essential to the maturation of the church (Eph 4:11-13). Since we know the New Covenant church is multi-ethnic and global,
we can see how the New Testament prophetic gift possesses a unique globalizing power. What Moses, Nathan, and Malachi
could not do, Agabus, Judas, Silas, and every other New prophet can: unify the nations in Christ.

OT prophets: adversarial relationship with the faith community
NT prophets: harmonious relationship with the faith community

The Old  This is probably my favorite difference to talk about, partly because I often traverse developing prophets stuck in this
Old dynamic.
Old Testament prophets possessed an adversarial relationship with the faith community. In general, they did not have a
peaceful coexistence with the larger Israelite community. There are numerous reasons for this. One, they were God's
theocratic representatives in the pre-cross era of divine hostility. Consequently, they were caught in the middle of a tense
relationship between God and His pre-cross people. Two, Old prophets were authoritative enforcers of the Mosaic Law. They
were Jehovah's policemen, sin-seekers and heresy-hunters. Thus, they typically incurred the "bad guy" label (Hos 9:7,8, 1Ki
18:17,18, Am 7:10-13, Jer 26:7-11). Three, when they did come across sin and disobedience, they exposed it forcefully and
specifically, calling out names, places, and details. There was no gracious confrontation process we see in the New era (Mt
18:15-17, Tit 3:10). Unless you were as humble as David after Nathan torched him for his sin, you simply kept an aggravated
distance from these prophets and they from you.

The New  New Testament prophets are not supposed to have an adversarial relationship with the church as the Old prophets
did with Israel. They are to have a harmonious relationship with the faith community. There is to be a balanced and
compatible co-existence. There are a few reasons for this, correlating with the reasons mentioned above.
One, New prophets are in a divinely-pacified post-cross era, and therefore, no longer caught in the middle of a tense
relationship between heaven and earth. Two, New prophets are not authoritative enforcers of a harsh Old Covenant, but
anointed dispensers of a joyfully gracious New Covenant (1Co 14:3,4,31, 2Co 3:7-11, Heb 12:18-24). Three, New prophets
might prophetically address sin, but they are not to do so in the Old manner. Prophetic corrections pertaining to individual
Christians are to be submitted to the Matthew 18:15-17 process. Prophetic corrections pertaining to elders or high church
leaders are to be submitted to the 1Timothy 5:19 process. Prophetic corrections-that are serious and non-typical-that pertain
to a church or ministry or group are to be privately submitted to the appropriate leadership for consideration and further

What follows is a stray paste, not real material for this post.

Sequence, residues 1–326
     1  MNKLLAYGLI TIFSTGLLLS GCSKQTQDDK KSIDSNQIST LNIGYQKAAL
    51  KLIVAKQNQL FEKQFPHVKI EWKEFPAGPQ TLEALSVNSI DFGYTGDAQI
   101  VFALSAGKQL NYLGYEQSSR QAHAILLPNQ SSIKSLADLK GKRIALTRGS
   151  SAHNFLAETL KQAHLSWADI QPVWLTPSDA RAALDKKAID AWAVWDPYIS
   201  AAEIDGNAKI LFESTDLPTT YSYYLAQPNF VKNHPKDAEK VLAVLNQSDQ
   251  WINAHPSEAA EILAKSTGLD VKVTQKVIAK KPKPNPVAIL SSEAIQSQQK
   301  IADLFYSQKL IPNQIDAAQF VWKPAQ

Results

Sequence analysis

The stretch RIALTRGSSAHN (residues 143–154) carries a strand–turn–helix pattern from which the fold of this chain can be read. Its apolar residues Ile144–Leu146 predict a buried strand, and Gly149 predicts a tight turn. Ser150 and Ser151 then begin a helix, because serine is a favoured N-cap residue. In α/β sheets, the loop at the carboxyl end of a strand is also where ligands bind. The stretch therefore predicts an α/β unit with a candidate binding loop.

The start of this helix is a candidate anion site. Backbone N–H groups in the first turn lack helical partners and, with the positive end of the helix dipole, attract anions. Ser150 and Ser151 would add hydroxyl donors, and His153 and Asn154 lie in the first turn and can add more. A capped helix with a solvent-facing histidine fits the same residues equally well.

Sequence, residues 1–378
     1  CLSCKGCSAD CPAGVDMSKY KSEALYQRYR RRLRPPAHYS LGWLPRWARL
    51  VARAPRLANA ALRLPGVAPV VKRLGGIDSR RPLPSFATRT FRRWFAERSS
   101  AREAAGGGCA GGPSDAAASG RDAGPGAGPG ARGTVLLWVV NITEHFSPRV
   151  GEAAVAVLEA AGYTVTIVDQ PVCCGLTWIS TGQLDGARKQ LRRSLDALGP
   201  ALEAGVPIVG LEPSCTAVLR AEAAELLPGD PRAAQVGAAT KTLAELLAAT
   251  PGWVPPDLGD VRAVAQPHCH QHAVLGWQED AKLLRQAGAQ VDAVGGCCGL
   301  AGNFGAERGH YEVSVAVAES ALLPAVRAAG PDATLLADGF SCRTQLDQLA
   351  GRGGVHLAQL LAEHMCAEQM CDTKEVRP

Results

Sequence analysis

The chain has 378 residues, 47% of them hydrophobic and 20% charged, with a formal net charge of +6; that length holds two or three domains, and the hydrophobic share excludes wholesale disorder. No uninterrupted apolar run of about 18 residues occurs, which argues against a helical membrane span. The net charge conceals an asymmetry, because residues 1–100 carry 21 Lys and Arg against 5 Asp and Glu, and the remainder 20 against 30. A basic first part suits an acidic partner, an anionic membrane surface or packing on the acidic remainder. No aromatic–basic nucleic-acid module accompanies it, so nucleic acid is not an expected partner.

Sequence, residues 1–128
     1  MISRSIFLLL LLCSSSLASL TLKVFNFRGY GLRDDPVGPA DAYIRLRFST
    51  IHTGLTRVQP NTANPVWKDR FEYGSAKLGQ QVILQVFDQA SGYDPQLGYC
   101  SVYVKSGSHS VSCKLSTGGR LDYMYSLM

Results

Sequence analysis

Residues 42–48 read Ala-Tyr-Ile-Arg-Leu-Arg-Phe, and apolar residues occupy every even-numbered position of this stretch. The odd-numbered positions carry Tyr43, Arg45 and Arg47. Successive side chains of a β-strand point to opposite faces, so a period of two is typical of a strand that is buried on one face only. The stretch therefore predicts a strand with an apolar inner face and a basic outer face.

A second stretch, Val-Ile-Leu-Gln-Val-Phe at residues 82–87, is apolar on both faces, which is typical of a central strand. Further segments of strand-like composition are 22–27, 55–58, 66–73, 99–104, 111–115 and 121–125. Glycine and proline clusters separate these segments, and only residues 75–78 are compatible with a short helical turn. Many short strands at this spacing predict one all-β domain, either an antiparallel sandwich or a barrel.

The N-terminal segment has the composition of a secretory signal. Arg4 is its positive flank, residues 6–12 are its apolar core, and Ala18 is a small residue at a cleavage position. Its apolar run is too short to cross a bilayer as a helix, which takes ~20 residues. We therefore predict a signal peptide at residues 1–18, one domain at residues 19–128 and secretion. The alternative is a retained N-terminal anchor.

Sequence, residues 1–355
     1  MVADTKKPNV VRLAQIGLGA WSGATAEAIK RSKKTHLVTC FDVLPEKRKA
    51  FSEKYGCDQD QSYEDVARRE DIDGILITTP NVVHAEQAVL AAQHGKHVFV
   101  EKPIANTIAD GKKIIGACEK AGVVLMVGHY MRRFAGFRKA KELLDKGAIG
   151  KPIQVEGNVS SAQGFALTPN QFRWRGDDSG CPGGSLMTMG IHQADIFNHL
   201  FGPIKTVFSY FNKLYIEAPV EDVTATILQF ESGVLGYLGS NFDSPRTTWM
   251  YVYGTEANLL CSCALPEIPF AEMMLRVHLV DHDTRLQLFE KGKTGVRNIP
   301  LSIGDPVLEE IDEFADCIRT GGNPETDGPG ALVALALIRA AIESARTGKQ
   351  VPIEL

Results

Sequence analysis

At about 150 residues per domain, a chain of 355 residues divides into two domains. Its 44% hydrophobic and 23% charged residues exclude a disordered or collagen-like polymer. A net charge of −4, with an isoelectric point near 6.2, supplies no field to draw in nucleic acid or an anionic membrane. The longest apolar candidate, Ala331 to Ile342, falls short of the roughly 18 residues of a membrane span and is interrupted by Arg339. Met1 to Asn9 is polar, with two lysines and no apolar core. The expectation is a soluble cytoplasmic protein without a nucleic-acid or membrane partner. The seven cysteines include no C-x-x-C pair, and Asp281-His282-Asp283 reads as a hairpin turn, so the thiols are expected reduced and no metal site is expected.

protocol (1Th 5:12,13, 1Co 16:15,16). This certainly does not negate audacity and boldness in prophetic correction and
rebuke (1Co 14:24,25). Not at all. Rather, it simply means the demeanor and presentation possess an undeniable
post-cross sunshine. It has a much more positive and winsome spirit.
Corrective prophetic protocol in the New era makes every effort to keep the unity of the Spirit through the bond of peace (Eph
4:3). In fact, all prophetic initiatives in the New are to make every effort to preserve harmonious relations with the faith
community and with all people (Ro 12:18, Heb 12:14).

Difference #8: SOCIAL STYLE
OT prophets: social separation from the faith community  
NT prophets: social integration into the faith community

The Old  Old prophets had a separative social style. They typically remained alone or in small prophetic communes, socially
separate from the larger Israelite community (2Ki 1:9, 6:1,2, Lk 1:80, 1Sam 10:5, 19:20). The main reason for this is that they
were the very middlemen between God and Israel/humanity in the pre-cross era of divine hostility. Just as the people
preferred to not be near Sinai (Ex 20:18,19), and Sinai itself would not allow the people near (19:12,23,24), so also the Old
prophets, who carried the spirit of Sinai, required a type of separation and boundary. Their social separation illustrated God's
spiritual separation from Israel/humanity because of pre-cross sin.

The New  How different is the New! New prophets are to be fully integrated into the faith community. This is fellowship. How
can a prophetic Christian fulfill all the "one anothers" in the New Testament if they are not vitally integrated? The Bible tells all
Christians to serve one another (Gal 5:13), pray for one another (Jas 5:16), encourage one another (Heb 3:13), teach one
another (Col 3:16), confess to one another (Jas 5:16), and on and on. Above all, it tells us to love one another deeply, from the
heart (1Pet 1:22). John had very strong words against those who despise fellow Christians (1Jn 2:9-11), or separate
themselves from the fellowship (v19). In light of the "one anothers", we can see New prophets are not to be social
separatists. (This certainly does not mean prophetic Christians should not have prophetic communities to support and
sharpen one another. Such is legitimate and good. We see this is in Acts 11:27, with Agabus leading such a group.)
Remember Hebrews 12:18-24? New prophets do not carry the separatist spirit of Sinai, they carry the joyful assembly spirit of
Zion. The curse has been removed from the born-again people of God because of the cross, He can now integrate Himself
fully with them (Gal 3:13,14). Prophets no longer need to illustrate the chasm separating God and His pre-cross people,
because that chasm is gone! New prophets are to illustrate this new reality through integration, fellowship, friendship.